Chicago Portage National Historic Site
Chicago Portage House

Come visit Chicago’s Birthplace! Walk the paths originally traversed by Native Americans, famed explorers, and early settlers. Marvel at the 20 foot tall monument of Father Marquette, Louis Jolliet and their native American guide landing their canoe. See the vital crossroads where French fur traders would “portage” their goods across a narrow marshy area separating the waters of the Great Lakes from those of the Mississippi River.

Free tours are available at 10am on the 1st Saturday of the month from May- November. Tours last about an hour and a half, walking half a mile along the gravel path through the woods. Due to the natural setting of the portage and Mud Lake area, it’s best to wear long pants, walking shoes.

Pullman National Monument

Travel back to the 1880s in this time capsule neighborhood. Immerse yourself in the tumultuous life and utopian vision of George M. Pullman and his Palace Car train industry at this national monument. Park rangers tell the stories of the immigrants of Pullman, the origins of Chicago’s labor union movement, the story of the Pullman porters, and the development of the Pullman Company.

Take walking tours 11am to 3pm, Tuesday to Sunday through the distinct neighborhood, where Pullman’s employees lived and worked. The visitor center features exhibits and a video presentation about Pullman, his company, and the nation’s first model planned industrial community.

Pullman House
Hegeler Carus Mansion
Hegler Carus Mansion

You may notice the tower of this 16,000-square-foot, seven-level mansion from the highway. This Second Empire-style house museum is a showcase of premier 19th century architecture and design. W.W. Boyington, the architect of Chicago’s famed Water Tower, designed this as a home for the Hegeler family in 1874.  The mansion’s interior has been virtually unchanged.

Brilliant restoration of several key rooms is underway, and in many cases, you can see the literal “before and after” examples of woodwork and plaster restoration. Interpretive guides focus on the Hegeler, Matthiessen, and Carus families, affluent zinc manufacturers drawn to the area by large mineral deposits.  Edward Hegeler founded Open Court Publishing Company and published many philosophical journals and books. Entrance to the mansion is located out back, in the door to the servant’s quarters.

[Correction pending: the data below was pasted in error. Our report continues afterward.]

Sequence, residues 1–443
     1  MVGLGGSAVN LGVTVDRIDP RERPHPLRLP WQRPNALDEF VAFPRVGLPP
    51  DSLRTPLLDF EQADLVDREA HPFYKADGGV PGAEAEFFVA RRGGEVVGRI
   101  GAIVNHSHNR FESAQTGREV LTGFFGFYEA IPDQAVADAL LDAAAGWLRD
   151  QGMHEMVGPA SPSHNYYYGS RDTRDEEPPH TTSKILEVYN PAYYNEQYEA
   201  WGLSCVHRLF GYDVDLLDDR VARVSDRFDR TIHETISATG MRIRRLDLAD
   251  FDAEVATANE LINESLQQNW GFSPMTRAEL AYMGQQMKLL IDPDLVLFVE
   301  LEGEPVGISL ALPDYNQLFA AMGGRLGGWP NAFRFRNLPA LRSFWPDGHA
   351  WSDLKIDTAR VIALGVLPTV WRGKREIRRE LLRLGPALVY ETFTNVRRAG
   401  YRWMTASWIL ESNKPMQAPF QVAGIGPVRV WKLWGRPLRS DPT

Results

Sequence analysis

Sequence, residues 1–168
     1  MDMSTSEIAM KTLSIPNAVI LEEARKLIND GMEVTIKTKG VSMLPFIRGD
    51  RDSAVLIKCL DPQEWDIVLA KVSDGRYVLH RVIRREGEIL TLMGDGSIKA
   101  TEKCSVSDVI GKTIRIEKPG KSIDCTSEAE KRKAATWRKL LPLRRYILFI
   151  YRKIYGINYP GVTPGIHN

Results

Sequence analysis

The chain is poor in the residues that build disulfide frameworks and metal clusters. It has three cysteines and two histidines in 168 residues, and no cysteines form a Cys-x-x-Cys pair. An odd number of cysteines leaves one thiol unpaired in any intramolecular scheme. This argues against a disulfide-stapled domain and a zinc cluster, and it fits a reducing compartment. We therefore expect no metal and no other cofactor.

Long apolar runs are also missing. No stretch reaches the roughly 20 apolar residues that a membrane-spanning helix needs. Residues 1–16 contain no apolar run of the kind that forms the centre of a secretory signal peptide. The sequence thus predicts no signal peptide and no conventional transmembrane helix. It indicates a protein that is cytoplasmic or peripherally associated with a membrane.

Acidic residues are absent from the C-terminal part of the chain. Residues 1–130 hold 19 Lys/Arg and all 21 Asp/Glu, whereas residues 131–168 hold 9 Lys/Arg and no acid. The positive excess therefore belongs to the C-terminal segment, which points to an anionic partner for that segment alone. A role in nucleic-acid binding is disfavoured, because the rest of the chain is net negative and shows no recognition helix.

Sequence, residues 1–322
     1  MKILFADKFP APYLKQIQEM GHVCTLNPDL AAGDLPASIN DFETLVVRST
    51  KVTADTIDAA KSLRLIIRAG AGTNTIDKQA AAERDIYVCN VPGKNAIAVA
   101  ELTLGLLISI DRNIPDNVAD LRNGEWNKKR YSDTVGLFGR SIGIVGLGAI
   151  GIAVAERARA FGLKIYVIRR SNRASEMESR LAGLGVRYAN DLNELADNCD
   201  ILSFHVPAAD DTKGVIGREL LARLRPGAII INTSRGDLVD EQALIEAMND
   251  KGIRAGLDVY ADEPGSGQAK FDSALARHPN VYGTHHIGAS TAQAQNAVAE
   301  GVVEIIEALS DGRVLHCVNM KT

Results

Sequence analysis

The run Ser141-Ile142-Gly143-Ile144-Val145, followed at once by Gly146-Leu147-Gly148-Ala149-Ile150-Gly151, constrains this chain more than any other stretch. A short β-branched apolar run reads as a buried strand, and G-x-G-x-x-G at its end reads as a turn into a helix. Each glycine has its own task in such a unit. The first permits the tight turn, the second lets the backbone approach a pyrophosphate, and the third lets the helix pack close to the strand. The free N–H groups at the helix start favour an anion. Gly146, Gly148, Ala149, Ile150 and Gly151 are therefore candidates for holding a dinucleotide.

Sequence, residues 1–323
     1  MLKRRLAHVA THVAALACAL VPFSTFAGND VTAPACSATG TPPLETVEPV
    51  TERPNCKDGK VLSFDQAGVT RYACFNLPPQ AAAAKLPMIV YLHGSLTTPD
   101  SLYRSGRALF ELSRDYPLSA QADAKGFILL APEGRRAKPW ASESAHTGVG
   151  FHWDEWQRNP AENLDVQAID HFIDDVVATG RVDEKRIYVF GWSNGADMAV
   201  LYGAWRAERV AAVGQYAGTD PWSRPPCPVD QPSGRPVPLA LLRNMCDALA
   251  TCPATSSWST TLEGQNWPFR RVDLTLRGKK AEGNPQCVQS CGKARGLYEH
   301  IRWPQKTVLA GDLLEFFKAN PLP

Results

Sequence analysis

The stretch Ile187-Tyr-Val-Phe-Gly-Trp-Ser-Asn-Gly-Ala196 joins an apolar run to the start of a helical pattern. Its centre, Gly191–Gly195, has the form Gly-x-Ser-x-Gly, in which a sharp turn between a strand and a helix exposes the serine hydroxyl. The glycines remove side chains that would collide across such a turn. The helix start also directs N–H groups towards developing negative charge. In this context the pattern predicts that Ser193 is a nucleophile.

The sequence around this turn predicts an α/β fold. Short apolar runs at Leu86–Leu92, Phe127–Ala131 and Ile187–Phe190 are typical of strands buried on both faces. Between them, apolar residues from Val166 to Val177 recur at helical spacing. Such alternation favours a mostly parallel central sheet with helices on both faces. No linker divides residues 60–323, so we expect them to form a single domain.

Tours are required, and they take place Wednesday through Sunday at 12, 1, 2 & 3pm. The cost of the tour is a very reasonable $10. Before you leave, be sure to stop by the downstairs gift shop to check out their fine selection of vintage items and the museum’s unique collection of books related to philosophy and Victorian life.

Illinois State Museum - Lockport Gallery

Visit the Illinois State Museum’s Lockport Gallery in the historic Norton Building. Paintings, drawings, sculptures, quilts, and other decorative and ethnographic arts are showcased in rotating exhibitions.

Open weekdays 9-5pm and 12-5pm Sundays, regularly changing exhibits feature works created by past and contemporary Illinois artists and artisans. The building was once used as a warehouse to store, process, package, and distribute barrels of grain in the canal’s heyday, and also served as a nautical store, a corporate office, and most importantly, a sleeping quarters for mule tenders. Parking is plentiful and free. Located right next to the I&M Canal “Gaylord Donnelley” trail, so bring your sneakers along for a leisurely stroll down the canal.

Illinois State Art Museum
Ottawa Toll House
Ottawa Tollhouse

As you drive through downtown Ottawa along LaSalle or Columbus Streets, two blocks from the Reddick Mansion, you will cross a wide, grassy “ditch” that was once filled with water, carrying boats down the Illinois & Michigan Canal!  Head north on Columbus Street, and turn left just before you get to the canal, and you will find the last remaining toll house on the I&M Canal.  Call the Ottawa Visitor Center orvisit their website to set up a tour, or peek in the windows to see a rope-bed where naps were once considered comfortable and view an actual “toll log book.” In its heyday, seven different toll collectors worked along the I&M. This particular toll house was actively used from 1848 to 1926.  It was still listed in Ottawa city directories as the “I&M Canal Collector’s Office” until 1935.

Afterwards, stroll down the I&M Canal trail, explore Ottawa’s impressive murals, or visit the nearby Fox River aqueduct. Ottawa is filled with restaurants, shops, parks and more, so be sure to take advantage of these attractions, all in walking distance.